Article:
Vision Fountain’s Creative Director, Richard Jones, gave a lecture and workshop to students attending Immersive Heritage and Folklore Project at Cardiff University’s School of Journalism Media and Culture (JOMEC) last week.
The project is part of the Story Futures Academy, the UK’s National Centre for Immersive Story-telling.
The workshop talked about the power of story-telling and his views on the importance of embedding, as deeply as possible, with the story you are trying to tell; be that with a community or a building and it’s stored archive.
Research, attention to detail and pounding the streets and hills to gather the audio and visual assets that tell the story is vital. Equally important is communicating with those who know the story; locals, family members, curators, historians and academics.
Richard cited Vision Fountain’s work with the British Motor Museum’s black-box immersive installation “The Car. The Future, Me”, Diffusion Festival’s “CoalFace” as well as “Last Voices of the Rhondda” with Rhondda Heritage Park as examples of embedding with communities to gather audio and visual assets.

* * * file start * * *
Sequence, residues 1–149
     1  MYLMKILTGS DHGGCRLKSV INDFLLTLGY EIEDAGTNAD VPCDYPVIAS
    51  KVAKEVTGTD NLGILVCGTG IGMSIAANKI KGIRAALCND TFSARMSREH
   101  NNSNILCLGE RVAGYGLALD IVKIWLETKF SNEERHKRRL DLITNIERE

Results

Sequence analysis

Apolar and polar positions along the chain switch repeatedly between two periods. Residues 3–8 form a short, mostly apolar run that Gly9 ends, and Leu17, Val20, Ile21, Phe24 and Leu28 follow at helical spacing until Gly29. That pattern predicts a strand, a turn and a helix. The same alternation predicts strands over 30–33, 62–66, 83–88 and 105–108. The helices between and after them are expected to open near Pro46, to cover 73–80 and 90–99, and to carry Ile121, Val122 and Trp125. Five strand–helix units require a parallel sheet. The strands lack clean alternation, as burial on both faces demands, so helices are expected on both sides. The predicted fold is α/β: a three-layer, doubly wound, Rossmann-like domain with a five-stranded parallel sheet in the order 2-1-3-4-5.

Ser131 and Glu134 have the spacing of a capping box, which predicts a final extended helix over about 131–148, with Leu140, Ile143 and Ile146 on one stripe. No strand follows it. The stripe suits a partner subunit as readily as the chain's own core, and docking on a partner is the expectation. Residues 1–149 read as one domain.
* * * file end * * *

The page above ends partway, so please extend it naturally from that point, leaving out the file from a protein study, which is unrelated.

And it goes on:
The Virtual Reality Project with Rhondda Heritage Park, “Pwll Bach Cwm Rhondda” was used as an example of a fully immersive story telling project. Richard worked through the steps for creating the virtual drift mine; the 3D modelling of the mine, deep-dive research with curators at the Heritage Park, re-creating the museums’s collection as interactive 3D objects and using local coal-miners to recite the short films, thus ensuring local ownership and authenticity of the project. Richard ended with the importance of safe-guarding and user testing with the audience(s), as well as collating the user testing data collected. – ends